Coming into the room full of butterflies within a second I was under an impression that I was covered in them! Even though they were not flying it felt that they were. There was so much to look at, I felt excited as a child who is chasing butterflies on a hot summer day.
Like if I was dreaming one of my abstract dreams where I am feeling happy and hyper. Stimulated by images appearing in front of my eyes, knowing I would wake up in a good mood because of the mad, colourful dream. Even if it was hard to find a story and a connection between one artwork and another, all together it made a perfect sense. Freakshow is like a dream wrapped in a warm blanket of all shades of brown colour.
‘Surrounded by ideals of perfection, my interest lies in the feelings of inadequacy and self-doubt; resulting in fantasies of escape and evolution to compensate. Using a variety of mixed media and textile techniques, I explore and imagined a narrative that borrows from a dark but humorous aesthetic informed by a freak show of hybrid creatures. A celebration of the imperfect has resulted in an installation that takes a classroom as the stage for an eerie metamorphosis.’ says Lauren Hoey
The exhibition is taking place each year at the end of June and usually, it lasts for ten days. Among Dublin art colleges it is the most creative graduate’s shows.
The origins of the College date from 1746 and by 1924 the National College of Art and Design was fully established. The campus is located on Thomas Street in around the area of Guinness Storehouse. The College has four Schools; Design, Education, Fine Art and Visual Culture.
The School of Design is the largest in the College and comprises ceramics, glass, metals, fashion design, industrial and product design, textile design and visual communication. In design, the emphasis is on solving specific problems set by the project. While students are expected to master the relevant technologies, the aesthetic design factor is stressed equally. There are many links with industry and students often work on competitions sponsored by commercial firms. The College aims to promote a broad education in design which can be the basis for a variety of careers either as part of a team in industry or by working individually in a studio or small business. (source http://www.ncad.ie/about)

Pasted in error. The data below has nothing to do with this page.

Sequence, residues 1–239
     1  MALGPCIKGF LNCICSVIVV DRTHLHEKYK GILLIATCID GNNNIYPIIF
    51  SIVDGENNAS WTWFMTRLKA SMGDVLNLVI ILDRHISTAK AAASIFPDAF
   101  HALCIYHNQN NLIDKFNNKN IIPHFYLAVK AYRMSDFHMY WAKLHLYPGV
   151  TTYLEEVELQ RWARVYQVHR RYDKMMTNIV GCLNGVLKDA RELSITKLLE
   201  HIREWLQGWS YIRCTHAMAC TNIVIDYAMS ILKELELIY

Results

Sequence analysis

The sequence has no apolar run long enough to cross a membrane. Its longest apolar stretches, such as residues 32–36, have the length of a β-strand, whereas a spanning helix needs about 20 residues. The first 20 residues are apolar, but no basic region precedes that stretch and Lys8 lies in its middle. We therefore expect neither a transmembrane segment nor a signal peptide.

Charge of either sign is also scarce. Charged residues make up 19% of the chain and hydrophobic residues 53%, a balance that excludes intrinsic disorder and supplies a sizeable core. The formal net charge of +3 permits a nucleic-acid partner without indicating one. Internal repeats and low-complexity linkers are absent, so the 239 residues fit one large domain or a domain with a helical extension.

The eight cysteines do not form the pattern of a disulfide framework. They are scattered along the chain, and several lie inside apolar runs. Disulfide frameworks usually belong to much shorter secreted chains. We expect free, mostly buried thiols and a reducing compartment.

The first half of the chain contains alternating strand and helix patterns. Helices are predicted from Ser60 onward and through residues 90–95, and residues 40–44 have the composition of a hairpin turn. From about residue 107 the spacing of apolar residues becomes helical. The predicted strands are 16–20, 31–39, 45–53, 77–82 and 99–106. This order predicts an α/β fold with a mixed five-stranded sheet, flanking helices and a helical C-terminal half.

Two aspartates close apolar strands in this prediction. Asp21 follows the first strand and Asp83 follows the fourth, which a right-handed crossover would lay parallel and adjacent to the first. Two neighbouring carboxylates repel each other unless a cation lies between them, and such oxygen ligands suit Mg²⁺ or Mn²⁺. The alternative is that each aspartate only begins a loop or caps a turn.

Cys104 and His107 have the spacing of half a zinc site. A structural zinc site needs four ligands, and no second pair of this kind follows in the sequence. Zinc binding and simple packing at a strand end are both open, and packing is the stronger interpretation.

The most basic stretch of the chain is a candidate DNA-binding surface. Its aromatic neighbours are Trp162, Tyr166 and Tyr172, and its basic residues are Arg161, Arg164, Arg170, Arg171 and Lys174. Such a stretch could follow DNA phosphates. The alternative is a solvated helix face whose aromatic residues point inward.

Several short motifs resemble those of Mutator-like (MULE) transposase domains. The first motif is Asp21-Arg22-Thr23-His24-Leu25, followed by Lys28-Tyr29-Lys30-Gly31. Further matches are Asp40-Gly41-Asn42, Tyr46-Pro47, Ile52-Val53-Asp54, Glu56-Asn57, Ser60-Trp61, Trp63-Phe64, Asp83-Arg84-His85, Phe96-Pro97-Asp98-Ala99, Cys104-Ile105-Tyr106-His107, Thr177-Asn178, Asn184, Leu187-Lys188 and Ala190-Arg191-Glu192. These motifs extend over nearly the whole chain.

I had taken a large number of photographs on that day and unfortunately was unable to take the names, titles and the contact details of the artists. If any of the artists will come across this article, please contact me and I will provide a relevant link to your work.
I have chosen three male characters from Shakespeare’s plays: Hamlet, King Lear and The Merchant of Venice. In styling the denim products, I wanted to create a display for male customers of M&S, creating a contemporary look mixed with the presence of Shakespeare’s characters and the versatility and long tradition of denim as a fashion material.
The year 2016 was the year of the 400th anniversary of the death of William Shakespeare, this event became an inspiration for my project. Among other things, I also wanted to work in men’s fashion. It seems to me it is less restrictive than women’s fashion and also it is difficult to dress a man badly. The styling is very informal, and each of the models wears a denim fabric.
The most consuming of all was making the props: skull, mask, crown and wreath. Props have been preserved to this day, decorated with Swarovski crystals, they look very good on the white wall of my apartment.
TRADITION OF DENIM FABRIC
Through my research, I found out some interesting facts about denim fabric. It has a long tradition goes back to as far as seventeen century. There is a dispute where did it originate from Italy or France?
The colour of denim wasn’t blue at the start and the Italian sailors in the city of Genoa where making trousers out of it for work in the harbours. The material was strong and sturdy. The French pronounce the word Genoa – Gênes, it may be the origin of the word jeans.
In France, in the city of Nîmes the French were trying to reproduce the jean but instead, they created similar fabric later on known as denim. From Nîmes as the French say de Nîmes – denim.
The 400th anniversary of Shakespeare’s death is the inspiration for this display. I have chosen Hamlet as the character for my window display proposal.